NBC News’ Andrea Mitchell reported on MSNBC that Saudi Arabia is mulling whether or not to send troops to Iraq, to “protect their interests” there.
According to Mitchell, Saudi Arabia is “deeply skeptical” that Iraq’s government will be able to quell the unrest. Over a hundred Iraqi civilians died today, including at least 15 from a bombing at Baghdad University.
For some reason this isn’t well-remembered. But it points to something that the MSM doesn’t seem interested in looking into: That Saudi Arabia has backed ISIL with money and moral support, and continues to do so even today.
The Islamic State of Iraq and Syria (ISIS), now threatening Baghdad, was funded for years by wealthy donors in Kuwait, Qatar, and Saudi Arabia, three U.S. allies that have dual agendas in the war on terror.
The extremist group that is threatening the existence of the Iraqi state was built and grown for years with the help of elite donors from American supposed allies in the Persian Gulf region. There, the threat of Iran, Assad, and the Sunni-Shiite sectarian war trumps the U.S. goal of stability and moderation in the region.
Now, none of this is a mystery and, if truth be known, the US privately views ISIL as a bulwark against a de facto Iranian takeover of Iraq (an event I predicted would become unavoidable if the US refused to treat Iran as an open enemy and pull Tehran’s fangs – violently, if necessary).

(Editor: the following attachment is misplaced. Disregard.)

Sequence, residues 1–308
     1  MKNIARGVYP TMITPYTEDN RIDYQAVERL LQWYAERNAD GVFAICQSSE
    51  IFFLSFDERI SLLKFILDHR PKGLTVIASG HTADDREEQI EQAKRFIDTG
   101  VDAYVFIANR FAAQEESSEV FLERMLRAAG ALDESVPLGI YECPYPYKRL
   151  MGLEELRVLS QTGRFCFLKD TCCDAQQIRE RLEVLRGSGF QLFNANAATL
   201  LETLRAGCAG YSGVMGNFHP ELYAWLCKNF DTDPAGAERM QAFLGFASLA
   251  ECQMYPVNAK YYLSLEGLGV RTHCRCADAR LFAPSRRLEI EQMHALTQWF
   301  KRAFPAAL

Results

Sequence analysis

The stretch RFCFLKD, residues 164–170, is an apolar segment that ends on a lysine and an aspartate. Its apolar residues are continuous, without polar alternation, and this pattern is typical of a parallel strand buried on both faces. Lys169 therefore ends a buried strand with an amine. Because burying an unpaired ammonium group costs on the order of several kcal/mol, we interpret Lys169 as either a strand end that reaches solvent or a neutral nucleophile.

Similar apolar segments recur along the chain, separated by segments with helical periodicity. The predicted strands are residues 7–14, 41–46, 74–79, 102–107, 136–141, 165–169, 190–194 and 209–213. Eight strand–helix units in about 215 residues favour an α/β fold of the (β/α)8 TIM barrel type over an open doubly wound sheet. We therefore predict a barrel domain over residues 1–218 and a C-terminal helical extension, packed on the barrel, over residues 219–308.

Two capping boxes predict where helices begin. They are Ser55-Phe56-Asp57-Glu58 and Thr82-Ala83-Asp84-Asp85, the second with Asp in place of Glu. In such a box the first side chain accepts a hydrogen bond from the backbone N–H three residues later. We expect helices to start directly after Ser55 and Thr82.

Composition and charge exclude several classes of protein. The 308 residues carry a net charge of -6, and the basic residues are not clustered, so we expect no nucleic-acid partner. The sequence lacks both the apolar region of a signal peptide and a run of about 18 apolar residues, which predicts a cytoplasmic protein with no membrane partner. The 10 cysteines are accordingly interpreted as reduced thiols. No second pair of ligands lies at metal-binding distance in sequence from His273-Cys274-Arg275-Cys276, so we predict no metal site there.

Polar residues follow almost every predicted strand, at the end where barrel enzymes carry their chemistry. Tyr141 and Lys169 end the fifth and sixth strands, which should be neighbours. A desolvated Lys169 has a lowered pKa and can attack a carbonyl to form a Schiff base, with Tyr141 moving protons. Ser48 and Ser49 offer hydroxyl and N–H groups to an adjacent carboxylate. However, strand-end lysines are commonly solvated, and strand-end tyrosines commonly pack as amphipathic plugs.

A lot of this is tied up in Obama administration terror of another oil strike, which would sink the US deep into a depressionary episode economically, with a presidential election looming just two years away.
But Bush’s original refusal to engage Saudi Arabia and Iran as the enemies (and supporters of Muslim terrorism) that they are guaranteed that Iraq would eventually fall apart, as those two regional powers battled for control inside Iraq’s borders. In the meantime Americans, disgusted with the failure of the Bush Democracy Project and rightfully questioning the need for more American blood to prevent Muslims who have no concept of democracy, cheered Barack Obama when he bowed to the inevitable and “brought our boys home” (on a timetable designed, signed, and implemented in the beginning by Bush himself – a fact that Bushbots today would very much like you to forget).
Frankly, leaving Iraq split between a heavily armed and fanatic minority of Sunnis backed by Saudi Arabia and other Sunni states, and a much larger majority of Shia supported by Iran, was a recipe for disaster – a recipe written by the Democracy Project warriors of the Bush regime.
Now we have the same neocon idiots who backed the original Bush policy failures demanding that Obama repeat them. That’s not going to happen. Nor are we going to do what we could easily do and destroy ISIL from the air. The US still knuckles under to Saudi backdoor demands that we leave ISIL and the Sunni minority in place.
We’re walking a razor’s edge between disaster today and disaster tomorrow in the region now, and are even less safe from Muslim terror than we were in 2001 – and much less free at home as well.